« What do you think of all this?» said Colonel Talbot, to whom Waverley handed the letters after he had perused them.
« Think! it renders thought impossible. It is enough to drive me mad.»
« Be calm, my young friend; let us see what are these dirty scrawls which follow.»
The first was addressed, « For Master W. Ruffen These.»-« Dear sur, sum of our yong gulpins will not bite, thof I tuold them you shoed me the squoire's own seel. But Tims will deliver you the lettrs as desired, and tell ould Addem he gave them to squoir's hond, as to be sure yours is the same, and shall be reddy for signal, and hoy for Hoy Church and Sachefrel, as fadur sings at harvest-whome.
« Yours, deer Sur,
« H. H.
« Poscriff. Do'e tell squoire we longs to heer from him, and has dootings about his not writing himsell, and Lifetenant Bottler is smoky.»
« This Ruffen, I suppose, then, is your Donald of the Cavern, who has intercepted your letters, and carried on a correspondence with the poor devil Houghton, as if under your anthority.»
« It seems too true. But who can Adder be ? »
Possibly Adam, for poor G-, a sort of pun on his name.»
The other letters were to the same purpose, and they soon received yet more complete light upon Donald Bean's machinations.
John Hodges, one of Waverley's servants, who had remained with the regiment, and had been taken at Preston, now made his appearance. He had sought out his master with the purpose of again entering his service. From this fellow they learned, that some time after Waverley had gone from the head-quarters of the regiment, a pedlar, called Ruthven, Ruffen, or Rivane, known among the soldiers by the name of Wily Will, had made frequent visits to the town of He appeared to possess plenty of money, sold his commodities very cheap, seemed always willing to treat his friends at the ale-house, and easily ingratiated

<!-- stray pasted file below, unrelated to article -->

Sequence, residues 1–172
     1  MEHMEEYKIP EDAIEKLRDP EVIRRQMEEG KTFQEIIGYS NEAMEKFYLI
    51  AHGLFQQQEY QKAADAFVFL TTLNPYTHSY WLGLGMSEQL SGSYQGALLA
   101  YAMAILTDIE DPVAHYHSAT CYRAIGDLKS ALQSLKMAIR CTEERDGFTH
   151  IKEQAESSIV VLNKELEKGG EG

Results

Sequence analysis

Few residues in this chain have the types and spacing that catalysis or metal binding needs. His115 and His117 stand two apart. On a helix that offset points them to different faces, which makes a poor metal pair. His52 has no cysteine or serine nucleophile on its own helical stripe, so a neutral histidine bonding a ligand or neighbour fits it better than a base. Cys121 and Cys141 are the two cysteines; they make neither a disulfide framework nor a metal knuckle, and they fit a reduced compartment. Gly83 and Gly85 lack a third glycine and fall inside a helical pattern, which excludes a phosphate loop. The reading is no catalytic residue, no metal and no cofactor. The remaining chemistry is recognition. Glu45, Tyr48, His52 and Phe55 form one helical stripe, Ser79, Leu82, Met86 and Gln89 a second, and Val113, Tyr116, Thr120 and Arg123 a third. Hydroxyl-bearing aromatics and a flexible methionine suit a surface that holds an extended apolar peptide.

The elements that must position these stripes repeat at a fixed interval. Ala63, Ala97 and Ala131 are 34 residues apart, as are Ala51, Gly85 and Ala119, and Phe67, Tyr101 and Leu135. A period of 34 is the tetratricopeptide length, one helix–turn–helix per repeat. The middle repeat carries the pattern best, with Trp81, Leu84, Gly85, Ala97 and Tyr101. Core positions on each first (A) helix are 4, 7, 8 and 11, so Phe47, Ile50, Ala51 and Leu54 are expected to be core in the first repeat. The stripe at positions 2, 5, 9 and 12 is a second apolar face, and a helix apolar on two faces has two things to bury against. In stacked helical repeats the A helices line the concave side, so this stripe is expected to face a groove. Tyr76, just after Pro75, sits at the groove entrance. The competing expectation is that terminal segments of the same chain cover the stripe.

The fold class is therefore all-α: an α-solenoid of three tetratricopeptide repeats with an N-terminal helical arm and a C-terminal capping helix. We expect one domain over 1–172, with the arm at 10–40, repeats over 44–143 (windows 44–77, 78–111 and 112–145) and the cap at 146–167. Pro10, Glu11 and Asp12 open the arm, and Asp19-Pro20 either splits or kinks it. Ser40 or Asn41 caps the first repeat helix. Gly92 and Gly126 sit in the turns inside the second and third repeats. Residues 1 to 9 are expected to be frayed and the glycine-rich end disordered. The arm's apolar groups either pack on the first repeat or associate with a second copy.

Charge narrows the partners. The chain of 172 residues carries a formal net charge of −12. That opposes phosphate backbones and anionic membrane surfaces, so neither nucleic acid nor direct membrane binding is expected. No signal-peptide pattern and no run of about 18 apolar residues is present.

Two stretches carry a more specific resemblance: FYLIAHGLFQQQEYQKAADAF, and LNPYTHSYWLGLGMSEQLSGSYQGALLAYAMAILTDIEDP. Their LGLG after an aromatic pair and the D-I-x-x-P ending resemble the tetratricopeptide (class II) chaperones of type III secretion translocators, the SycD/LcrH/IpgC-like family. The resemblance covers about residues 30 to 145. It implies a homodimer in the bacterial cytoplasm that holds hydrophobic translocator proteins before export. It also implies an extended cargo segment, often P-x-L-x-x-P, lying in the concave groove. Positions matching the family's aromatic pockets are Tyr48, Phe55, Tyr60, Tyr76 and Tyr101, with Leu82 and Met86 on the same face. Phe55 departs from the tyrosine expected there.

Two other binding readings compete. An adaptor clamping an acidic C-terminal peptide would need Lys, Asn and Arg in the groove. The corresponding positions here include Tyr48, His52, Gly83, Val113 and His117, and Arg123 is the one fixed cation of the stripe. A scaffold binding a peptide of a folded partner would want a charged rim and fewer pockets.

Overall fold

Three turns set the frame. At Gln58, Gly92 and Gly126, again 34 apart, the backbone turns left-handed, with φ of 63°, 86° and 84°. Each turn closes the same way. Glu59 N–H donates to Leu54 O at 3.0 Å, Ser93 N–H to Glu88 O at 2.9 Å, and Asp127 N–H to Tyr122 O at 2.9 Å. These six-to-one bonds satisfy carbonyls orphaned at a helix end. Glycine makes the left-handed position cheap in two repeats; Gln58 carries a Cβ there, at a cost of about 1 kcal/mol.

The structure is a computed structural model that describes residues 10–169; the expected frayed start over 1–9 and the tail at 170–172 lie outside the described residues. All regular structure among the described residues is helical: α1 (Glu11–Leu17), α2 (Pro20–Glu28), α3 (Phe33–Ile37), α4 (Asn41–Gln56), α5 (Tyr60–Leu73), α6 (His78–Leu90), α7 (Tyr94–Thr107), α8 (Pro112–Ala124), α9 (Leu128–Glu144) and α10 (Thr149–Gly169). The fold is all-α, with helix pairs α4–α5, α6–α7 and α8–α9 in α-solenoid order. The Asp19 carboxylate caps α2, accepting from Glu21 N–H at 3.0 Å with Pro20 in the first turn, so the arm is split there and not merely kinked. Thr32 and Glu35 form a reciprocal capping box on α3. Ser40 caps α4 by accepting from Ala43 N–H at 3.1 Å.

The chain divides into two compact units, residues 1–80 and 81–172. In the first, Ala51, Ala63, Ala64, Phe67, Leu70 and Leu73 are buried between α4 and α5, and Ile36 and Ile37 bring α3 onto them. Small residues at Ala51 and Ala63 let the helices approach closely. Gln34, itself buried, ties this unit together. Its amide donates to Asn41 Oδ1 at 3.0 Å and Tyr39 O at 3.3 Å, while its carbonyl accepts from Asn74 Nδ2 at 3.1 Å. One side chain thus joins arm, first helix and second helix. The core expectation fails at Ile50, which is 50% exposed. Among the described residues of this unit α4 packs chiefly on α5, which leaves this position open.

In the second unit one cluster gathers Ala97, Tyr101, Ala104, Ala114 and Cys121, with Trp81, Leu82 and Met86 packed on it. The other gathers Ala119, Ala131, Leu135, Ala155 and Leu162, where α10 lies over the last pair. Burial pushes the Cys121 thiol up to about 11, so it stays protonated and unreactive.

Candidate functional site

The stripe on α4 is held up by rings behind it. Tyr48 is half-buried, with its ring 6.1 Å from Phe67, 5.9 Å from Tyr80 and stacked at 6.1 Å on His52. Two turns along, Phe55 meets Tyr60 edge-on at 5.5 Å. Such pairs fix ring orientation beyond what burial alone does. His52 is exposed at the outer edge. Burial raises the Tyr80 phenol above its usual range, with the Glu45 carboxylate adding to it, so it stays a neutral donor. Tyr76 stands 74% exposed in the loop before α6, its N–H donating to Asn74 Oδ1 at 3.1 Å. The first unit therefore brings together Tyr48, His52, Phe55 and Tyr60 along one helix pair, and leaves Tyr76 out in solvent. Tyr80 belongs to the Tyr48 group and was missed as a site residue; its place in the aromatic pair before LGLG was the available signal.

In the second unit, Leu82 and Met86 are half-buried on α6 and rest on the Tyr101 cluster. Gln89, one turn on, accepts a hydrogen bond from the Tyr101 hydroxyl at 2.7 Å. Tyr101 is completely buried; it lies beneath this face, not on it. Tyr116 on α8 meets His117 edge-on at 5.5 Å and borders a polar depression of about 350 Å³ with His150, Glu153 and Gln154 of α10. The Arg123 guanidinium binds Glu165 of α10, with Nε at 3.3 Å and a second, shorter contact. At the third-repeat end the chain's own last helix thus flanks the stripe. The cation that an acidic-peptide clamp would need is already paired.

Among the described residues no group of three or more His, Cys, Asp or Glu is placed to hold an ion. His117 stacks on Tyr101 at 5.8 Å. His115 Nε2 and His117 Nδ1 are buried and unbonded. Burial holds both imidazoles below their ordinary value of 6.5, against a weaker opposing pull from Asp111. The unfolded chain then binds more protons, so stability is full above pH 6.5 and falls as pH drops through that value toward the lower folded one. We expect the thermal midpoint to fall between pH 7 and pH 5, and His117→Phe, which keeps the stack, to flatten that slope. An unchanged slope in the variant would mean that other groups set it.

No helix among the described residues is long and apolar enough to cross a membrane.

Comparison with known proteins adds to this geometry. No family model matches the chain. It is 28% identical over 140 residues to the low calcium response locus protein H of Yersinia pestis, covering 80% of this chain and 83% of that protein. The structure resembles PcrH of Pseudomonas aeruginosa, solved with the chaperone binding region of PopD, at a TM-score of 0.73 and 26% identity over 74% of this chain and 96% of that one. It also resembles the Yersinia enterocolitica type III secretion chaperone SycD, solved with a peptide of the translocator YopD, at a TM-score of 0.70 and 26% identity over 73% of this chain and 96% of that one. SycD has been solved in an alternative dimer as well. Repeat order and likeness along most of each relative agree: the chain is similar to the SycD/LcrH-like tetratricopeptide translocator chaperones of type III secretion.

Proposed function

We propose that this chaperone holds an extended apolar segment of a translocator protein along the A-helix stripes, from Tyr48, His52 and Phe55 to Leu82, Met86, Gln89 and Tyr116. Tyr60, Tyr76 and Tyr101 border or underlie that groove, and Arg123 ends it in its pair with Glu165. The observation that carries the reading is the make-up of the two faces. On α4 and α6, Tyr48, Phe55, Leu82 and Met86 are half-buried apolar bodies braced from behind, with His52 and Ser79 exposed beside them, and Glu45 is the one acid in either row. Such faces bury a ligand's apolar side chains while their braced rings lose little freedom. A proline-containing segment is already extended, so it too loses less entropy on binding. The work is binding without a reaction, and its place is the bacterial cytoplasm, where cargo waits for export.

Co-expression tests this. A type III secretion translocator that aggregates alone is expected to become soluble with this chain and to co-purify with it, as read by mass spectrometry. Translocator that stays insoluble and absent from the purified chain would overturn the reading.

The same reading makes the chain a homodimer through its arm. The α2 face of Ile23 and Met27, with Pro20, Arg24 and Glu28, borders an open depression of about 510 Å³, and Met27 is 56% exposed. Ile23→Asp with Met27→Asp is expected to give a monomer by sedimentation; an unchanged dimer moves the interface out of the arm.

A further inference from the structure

himself with many of Waverley's troop, particularly Serjeant Houghton, and one Tims, also a non-commissioned officer. To these he unfolded, in Waverley's name, a plan for leaving the regiment and joining him in the Highlands, where report said the clans had already taken arms in great numbers. The men, who had been educated as Jacobites, so far as they had any opinions at all, and who knew their landlord, Sir Everard, had always been supposed to hold such tenets, easily fell into the snare. That Waverley was at a distance in the Highlands, was received as a sufficient excuse for transmitting his letters through the medium of the pedlar; and the sight of his well-known seal seemed to authenticate the negotiations in his name, where writing might have been dangerous. The cabal, however, began to take air, from the premature mutinous language of those concerned. Wily Will justi-. fied his appellative; for, after suspicion arose, he was seen no more. When the gazette appeared, in which Waverley was superseded, great part of his troop broke out into actual mutiny, but were surrounded and disarmed by the rest of the regiment. In consequence of the sentence of a court-martial, Houghton and Tims were condemned to be shot, but afterwards permitted to cast lots for life. Houghton, the survivor, showed much penitence, being convinced, from the rebukes and expla